I quickly tracked down the story I read, which was by Arthur Grimble in A Pattern of Islands, written about 1949.  There was also a newspaper article.  The story was pretty much as I remembered and I could already see two of my heroes from In Search of Spice fishing in this wonderful manner.  I have already worked out Pat's reaction when Hinatea asks him to be bait :  "Fuck off!  Are you out of your tiny mind!  I'm not letting one of those monsters chew on me - have you seen the size of it's beak!"  The plot is coming together nicely.  It would be lovely to have it inside In Search of Spice but the book is already big enough and it will be better as a short story.

In great excitement I researched octopus fishing methods and also the octopus in general.  Well, there is one big enough for sure, the Giant Pacific Octopus can have ten foot tentacles and have been found weighing over 150lbs, 70kg.  That would be a nasty piece of work.  But they are restricted to the cold water from Japan to Alaska.  Damn.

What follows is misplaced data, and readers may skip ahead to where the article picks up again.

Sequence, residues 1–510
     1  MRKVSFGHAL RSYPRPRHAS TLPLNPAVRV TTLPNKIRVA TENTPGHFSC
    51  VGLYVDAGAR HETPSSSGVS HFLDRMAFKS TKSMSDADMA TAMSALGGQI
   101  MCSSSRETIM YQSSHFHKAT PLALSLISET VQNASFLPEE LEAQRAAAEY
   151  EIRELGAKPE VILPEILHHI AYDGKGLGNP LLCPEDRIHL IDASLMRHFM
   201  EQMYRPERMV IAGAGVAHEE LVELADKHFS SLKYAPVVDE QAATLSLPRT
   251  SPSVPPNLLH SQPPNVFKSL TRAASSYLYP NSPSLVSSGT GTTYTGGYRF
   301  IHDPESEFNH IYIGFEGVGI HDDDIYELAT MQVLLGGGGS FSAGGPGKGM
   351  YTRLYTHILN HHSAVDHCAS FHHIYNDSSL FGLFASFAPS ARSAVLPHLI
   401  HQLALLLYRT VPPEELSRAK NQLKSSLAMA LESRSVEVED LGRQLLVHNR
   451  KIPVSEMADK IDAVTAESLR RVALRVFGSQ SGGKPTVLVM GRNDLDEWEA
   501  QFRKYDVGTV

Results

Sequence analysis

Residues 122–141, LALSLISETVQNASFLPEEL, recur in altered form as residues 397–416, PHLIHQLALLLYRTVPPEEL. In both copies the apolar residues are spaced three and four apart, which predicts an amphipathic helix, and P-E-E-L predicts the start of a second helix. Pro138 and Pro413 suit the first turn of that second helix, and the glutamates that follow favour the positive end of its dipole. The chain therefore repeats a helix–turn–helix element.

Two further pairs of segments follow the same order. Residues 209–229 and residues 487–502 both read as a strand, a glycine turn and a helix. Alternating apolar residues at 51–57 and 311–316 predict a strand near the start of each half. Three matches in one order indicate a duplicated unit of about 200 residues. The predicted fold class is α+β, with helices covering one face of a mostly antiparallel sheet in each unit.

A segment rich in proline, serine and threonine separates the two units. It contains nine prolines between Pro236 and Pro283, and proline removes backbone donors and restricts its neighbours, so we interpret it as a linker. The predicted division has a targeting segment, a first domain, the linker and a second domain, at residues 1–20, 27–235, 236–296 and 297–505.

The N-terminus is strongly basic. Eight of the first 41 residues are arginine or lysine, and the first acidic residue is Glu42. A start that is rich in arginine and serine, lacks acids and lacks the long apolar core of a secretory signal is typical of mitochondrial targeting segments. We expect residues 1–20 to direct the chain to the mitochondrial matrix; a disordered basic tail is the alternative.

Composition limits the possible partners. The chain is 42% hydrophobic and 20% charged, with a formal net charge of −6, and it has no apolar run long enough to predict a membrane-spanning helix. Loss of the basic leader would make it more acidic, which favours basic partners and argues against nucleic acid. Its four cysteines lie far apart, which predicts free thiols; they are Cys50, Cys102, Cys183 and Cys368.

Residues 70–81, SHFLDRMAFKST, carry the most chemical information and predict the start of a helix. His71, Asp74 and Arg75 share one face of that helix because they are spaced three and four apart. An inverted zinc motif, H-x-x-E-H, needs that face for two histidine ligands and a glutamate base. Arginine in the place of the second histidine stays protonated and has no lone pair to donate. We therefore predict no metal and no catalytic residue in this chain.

Grimble mentions Octopus vulgaris, the common octopus.  Great!  Trouble is, it doesn't live in the Pacific.  It is also not very big.  There is the seven armed octopus, recently caught off New Zealand, which is just about big enough.

But I can track down nothing about large octopus in the Pacific Islands, and nothing about eccentric methods of catching them.  I know about the stones that octopus put outside their holes, and how you can tell where it is when it is not at home but the way the stones are scattered.  I know you can tell if there is an octopus in the hole, from the stones, and to catch one you just push a stick in the hole, it grabs the stick, and slowly you pull it out.